25 July 2011

Law Society Approves Practice Guidelines for Family Law

The Law Society of British Columbia has endorsed a package of best practice guidelines (PDF) recommended by its family law task force with much input from a working group established by the Canadian Bar Association British Columbia. The impetus for these guidelines stems from the Family Justice Reform Working Group's 2006 report, A New Justice System for Children and Families (PDF), which recommended that:
"... the Law Society of BC recognize the changing roles and duties of family law lawyers and develop a Code of Practice for Family Lawyers to give guidance in the balancing of a lawyer’s partisan role with the potential harm it may cause to other family members, especially children."
The guidelines are true guidelines, in the sense that they set out practice standards to be aspired toward rather than a compulsory code of conduct, and what's most interesting about them is that they could easily apply to all participants in the justice system, not just lawyers.


1. Lawyers should conduct themselves in a manner that is constructive, respectful and seeks to minimize conflict and should encourage their clients to do likewise. (Lawyers are not obliged to assist persons who are being disrespectful or abusive.)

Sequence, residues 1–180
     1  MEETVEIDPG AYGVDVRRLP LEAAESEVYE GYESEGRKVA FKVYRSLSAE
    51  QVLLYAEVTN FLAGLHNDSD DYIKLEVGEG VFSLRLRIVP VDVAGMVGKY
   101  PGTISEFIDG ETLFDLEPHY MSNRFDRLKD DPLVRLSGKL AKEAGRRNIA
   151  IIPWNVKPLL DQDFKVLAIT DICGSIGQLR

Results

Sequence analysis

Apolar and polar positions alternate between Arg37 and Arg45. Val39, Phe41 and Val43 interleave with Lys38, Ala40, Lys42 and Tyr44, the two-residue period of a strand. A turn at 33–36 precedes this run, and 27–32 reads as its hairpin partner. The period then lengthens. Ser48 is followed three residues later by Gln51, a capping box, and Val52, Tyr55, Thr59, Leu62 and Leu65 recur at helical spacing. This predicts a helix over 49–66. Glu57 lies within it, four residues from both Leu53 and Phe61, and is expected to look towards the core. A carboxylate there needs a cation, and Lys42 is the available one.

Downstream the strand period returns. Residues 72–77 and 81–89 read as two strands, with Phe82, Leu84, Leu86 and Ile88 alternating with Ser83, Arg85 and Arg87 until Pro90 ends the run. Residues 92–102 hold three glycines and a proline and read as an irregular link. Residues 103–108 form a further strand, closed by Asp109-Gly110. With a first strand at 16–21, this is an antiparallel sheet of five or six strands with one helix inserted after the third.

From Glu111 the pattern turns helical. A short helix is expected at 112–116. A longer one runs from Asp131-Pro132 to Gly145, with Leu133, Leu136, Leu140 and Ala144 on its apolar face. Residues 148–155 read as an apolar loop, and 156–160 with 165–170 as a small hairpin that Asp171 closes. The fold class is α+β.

2. Lawyers should strive to remain objective at all times, and not to over-identify with their clients or be unduly influenced by the emotions of the moment.

3. Lawyers should avoid using inflammatory language in spoken or written communications, and should encourage their clients to do likewise.

4. Lawyers should caution their clients about the limited relevance of allegations or evidence of conduct.

5. Lawyers should avoid actions that have the sole or predominant purpose of hindering, delaying or bullying an opposing party, and should encourage their clients to do likewise.

6. Lawyers cannot participate in, and should caution their clients against, any actions that are dishonest, misleading or undertaken for an improper purpose.

7. Lawyers should keep their clients advised of, and encourage their clients to consider, at all stages of the dispute:
a. the risks and costs of any proposed actions or communications;
b. both short and long term consequences;
c. the consequences for any children involved; and
d. the importance of court orders or agreements.
8. Lawyers should advise their clients that their clients are in a position of trust in relation to their children, and that
a. it is important for the client to put the children’s interests before their own; and
b. failing to do so may have a significant impact on both the children’s wellbeing and the client’s case.
9. Lawyers should advise their clients of and encourage them to consider, at all stages of the dispute, all available and suitable resources for resolving the dispute, in or out of court.

These principles all strike me as reasonable. They reflect how I practice family law and how I would like all lawyers to practice family law.